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Bascom Palmer Eye Institute

Gulf Coast Reflection, Sept. 23, 2005

Doctor performing glaucoma medicine refills

Thursday had us returning to Gonzalez, Louisiana at the Lamar-Dixon Expo Center. Now that we have a new shipment of glasses from Angel Perez at Bascom Palmer’s Optical Shop we are helping many people see again. We handed out 20-30 pairs of glasses, most of which were for reading. A mother was nearly brought to tears after we provided her and her two kids with glasses they had lost along with the rest of their home.

We’ve been hearing many personal stories of survival from our patients. It is amazing to listen to these stories directly from the person who lived through it. Most of the people we meet are holding up remarkably well given that they must start their lives all over again. They do not know where they will be in another week, much less a year, simply living day by day.

Again, we found many glaucoma suspects and referred them to the Louisiana State University clinics in Baton Rouge. We’ve handed out hundreds of glaucoma medicines the past few days to many patients unable to get refills through their doctor or unable to pay for them.

Today, we referred a 34-year-old female with decreased vision, proptosis and a swollen optic nerve to the local hospital for imaging and management. We also found an elderly woman with a suspicious conjunctival growth who we sent to LSU. In being the only medical personal around at times, we’ve made some occasional diversions from the eye. One young lady had a large tooth abscess causing the entire right side of her face to swell. We also got the pleasure of examining the feet of a 40 year old male who we diagnosed as having plantar fascieitis.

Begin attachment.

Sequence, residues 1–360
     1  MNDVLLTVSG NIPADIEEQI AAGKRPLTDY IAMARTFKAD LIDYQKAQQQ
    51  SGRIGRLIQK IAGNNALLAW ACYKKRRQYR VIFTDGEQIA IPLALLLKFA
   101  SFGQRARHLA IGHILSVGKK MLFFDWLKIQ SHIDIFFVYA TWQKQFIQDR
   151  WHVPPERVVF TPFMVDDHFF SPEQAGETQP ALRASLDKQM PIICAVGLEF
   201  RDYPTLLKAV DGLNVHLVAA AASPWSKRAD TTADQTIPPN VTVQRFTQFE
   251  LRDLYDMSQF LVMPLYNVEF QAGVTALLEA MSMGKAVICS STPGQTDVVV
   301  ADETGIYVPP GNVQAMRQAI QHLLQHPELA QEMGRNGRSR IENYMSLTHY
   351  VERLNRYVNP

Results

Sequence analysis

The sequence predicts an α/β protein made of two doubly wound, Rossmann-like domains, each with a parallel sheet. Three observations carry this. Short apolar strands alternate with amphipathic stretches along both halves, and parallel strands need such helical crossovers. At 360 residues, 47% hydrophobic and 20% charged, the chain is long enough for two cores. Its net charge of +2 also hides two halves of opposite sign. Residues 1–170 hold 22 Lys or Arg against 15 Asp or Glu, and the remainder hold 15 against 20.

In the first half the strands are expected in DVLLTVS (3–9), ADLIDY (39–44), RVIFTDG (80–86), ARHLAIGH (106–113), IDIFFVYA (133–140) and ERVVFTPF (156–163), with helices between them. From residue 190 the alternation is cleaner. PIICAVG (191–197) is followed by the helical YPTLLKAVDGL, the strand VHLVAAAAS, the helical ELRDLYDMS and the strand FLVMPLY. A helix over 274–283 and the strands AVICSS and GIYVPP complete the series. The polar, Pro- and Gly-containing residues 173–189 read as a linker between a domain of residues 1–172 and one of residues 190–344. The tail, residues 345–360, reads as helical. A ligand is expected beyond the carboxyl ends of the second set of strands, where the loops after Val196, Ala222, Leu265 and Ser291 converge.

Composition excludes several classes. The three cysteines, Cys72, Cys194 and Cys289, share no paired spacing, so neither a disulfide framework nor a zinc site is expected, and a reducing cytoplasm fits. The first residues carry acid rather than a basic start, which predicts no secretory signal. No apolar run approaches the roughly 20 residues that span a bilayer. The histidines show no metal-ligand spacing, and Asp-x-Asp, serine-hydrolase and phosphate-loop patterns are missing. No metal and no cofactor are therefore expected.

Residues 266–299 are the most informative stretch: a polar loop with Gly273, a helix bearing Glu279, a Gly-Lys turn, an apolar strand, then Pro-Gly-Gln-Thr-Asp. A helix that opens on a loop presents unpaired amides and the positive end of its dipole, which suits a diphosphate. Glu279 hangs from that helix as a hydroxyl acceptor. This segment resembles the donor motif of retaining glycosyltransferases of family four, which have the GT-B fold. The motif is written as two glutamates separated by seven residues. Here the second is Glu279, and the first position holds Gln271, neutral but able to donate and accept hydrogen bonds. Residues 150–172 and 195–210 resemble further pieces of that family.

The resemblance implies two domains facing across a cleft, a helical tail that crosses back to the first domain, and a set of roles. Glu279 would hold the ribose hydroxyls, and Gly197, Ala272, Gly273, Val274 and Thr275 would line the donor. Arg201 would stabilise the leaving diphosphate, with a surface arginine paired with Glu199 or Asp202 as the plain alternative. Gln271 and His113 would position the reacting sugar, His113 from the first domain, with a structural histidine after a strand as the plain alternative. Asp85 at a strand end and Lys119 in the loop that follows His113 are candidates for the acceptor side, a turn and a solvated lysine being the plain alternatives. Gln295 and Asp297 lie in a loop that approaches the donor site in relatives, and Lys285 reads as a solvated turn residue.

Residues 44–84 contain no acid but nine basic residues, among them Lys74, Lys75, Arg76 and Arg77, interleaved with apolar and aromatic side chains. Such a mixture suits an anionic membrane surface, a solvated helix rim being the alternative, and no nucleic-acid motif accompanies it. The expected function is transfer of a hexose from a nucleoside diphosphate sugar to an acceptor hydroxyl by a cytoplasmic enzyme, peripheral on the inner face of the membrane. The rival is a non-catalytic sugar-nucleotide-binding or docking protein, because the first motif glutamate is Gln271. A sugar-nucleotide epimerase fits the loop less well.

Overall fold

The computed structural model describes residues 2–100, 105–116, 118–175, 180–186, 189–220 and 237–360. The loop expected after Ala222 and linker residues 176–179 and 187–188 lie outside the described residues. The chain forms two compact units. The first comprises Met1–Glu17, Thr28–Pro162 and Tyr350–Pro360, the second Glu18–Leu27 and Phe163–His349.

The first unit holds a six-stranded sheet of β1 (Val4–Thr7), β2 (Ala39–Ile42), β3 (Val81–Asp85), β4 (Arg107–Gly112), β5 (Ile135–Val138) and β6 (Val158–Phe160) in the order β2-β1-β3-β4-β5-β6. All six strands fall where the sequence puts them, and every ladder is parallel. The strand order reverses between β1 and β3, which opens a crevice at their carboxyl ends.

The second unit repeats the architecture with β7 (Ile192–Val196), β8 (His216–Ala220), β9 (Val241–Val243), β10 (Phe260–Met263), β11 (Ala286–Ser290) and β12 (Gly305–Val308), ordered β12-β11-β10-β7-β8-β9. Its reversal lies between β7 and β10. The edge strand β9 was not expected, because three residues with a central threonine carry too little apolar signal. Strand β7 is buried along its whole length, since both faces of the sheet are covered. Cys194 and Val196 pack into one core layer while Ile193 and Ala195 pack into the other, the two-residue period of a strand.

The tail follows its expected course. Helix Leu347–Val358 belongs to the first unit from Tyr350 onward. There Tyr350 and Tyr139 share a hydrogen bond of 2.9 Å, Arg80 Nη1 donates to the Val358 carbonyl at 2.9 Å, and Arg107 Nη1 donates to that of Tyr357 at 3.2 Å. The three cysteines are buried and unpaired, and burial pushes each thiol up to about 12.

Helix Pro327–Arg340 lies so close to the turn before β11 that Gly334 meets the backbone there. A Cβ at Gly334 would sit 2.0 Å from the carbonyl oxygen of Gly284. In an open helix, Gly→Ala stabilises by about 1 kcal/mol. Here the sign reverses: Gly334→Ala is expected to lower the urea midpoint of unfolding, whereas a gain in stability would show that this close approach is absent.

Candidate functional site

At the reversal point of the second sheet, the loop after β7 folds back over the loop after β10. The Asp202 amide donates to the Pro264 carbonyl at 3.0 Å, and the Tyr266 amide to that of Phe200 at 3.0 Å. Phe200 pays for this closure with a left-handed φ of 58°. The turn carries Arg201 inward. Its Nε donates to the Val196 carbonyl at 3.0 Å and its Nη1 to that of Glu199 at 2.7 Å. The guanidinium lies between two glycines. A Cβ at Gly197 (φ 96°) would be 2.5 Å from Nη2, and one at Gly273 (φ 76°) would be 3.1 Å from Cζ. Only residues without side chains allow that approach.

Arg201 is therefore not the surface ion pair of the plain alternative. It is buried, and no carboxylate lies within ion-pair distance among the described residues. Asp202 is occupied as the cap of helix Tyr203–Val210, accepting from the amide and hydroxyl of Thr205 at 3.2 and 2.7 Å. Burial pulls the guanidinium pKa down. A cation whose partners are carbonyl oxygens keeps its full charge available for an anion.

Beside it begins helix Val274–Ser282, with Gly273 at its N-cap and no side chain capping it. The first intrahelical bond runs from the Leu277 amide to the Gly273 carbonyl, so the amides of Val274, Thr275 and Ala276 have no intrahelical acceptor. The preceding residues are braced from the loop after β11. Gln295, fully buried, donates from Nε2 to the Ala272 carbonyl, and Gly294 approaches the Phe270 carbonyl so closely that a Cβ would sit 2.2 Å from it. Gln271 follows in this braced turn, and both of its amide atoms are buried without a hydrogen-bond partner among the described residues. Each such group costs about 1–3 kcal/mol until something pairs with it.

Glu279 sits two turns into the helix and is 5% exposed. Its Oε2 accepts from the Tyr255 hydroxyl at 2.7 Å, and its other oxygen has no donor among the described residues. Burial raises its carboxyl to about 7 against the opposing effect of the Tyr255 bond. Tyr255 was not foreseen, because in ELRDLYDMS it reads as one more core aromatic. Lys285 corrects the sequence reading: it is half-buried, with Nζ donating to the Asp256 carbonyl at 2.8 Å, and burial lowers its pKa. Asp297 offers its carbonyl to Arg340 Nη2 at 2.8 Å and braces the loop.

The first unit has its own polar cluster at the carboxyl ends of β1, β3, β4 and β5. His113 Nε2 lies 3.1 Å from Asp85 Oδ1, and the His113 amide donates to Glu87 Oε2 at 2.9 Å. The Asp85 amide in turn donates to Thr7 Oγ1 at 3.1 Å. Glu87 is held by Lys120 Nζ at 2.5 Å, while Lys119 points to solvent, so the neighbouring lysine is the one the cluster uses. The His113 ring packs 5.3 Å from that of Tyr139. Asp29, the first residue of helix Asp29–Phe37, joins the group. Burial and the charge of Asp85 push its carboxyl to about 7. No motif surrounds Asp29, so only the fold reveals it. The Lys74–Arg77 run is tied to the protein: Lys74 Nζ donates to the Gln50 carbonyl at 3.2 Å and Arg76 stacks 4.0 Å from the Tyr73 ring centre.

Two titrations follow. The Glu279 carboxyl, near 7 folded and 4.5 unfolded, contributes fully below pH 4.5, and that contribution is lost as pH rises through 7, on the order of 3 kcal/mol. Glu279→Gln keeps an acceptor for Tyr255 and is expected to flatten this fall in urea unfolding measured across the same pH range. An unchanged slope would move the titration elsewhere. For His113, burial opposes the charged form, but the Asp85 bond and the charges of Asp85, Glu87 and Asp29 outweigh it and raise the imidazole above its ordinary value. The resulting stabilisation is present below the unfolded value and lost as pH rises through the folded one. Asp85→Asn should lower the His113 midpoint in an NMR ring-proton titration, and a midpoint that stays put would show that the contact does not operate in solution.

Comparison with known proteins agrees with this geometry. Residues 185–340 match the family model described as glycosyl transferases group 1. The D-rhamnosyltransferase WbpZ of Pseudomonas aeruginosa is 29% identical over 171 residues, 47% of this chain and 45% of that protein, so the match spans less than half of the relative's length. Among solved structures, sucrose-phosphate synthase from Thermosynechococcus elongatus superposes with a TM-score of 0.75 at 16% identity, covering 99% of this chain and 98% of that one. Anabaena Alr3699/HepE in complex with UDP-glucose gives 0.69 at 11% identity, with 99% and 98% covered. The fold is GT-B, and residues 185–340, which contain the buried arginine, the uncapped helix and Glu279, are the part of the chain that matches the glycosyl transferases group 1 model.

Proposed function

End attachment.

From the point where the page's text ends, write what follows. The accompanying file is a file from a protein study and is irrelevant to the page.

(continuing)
Interestingly, the Lamar Dixon Expo is also the regional animal shelter and hundreds of volunteers are taking care of a broad assortment of cats, dogs, birds- even horses. The animals are sheltered in the county fairgrounds and are very well taken care of, well fed and treated by a large staff of volunteer veterenarians, as well as organizations like the Animal Planet television network, as well as local spay and neuter mobile vehicles. There is even a wild animal rescue center established.

Animal Planet vehicleHorse

We have lost the luxury of internet access from the Vision Van due to a touchy satellite system, but are watching Hurricane Rita closely. If necessary we may pack up and move to a Mississippi shelter for safety. We hope these unfortunate people do not have to go through another disaster likeKatrina.

Each day brings new eye opening experiences and stories. We are truly grateful to be helping out these people whose positive attitudes are a testament to the human spirit.

Mike Kelley

mkelley@med.miami.edu